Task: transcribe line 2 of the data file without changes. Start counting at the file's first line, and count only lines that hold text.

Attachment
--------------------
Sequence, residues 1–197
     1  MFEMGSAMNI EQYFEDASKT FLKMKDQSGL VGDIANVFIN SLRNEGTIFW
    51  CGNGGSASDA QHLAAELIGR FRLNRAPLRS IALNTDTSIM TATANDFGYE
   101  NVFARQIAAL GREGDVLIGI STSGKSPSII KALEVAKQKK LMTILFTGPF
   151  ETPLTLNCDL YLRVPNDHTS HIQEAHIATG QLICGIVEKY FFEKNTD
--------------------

     1  MFEMGSAMNI EQYFEDASKT FLKMKDQSGL VGDIANVFIN SLRNEGTIFW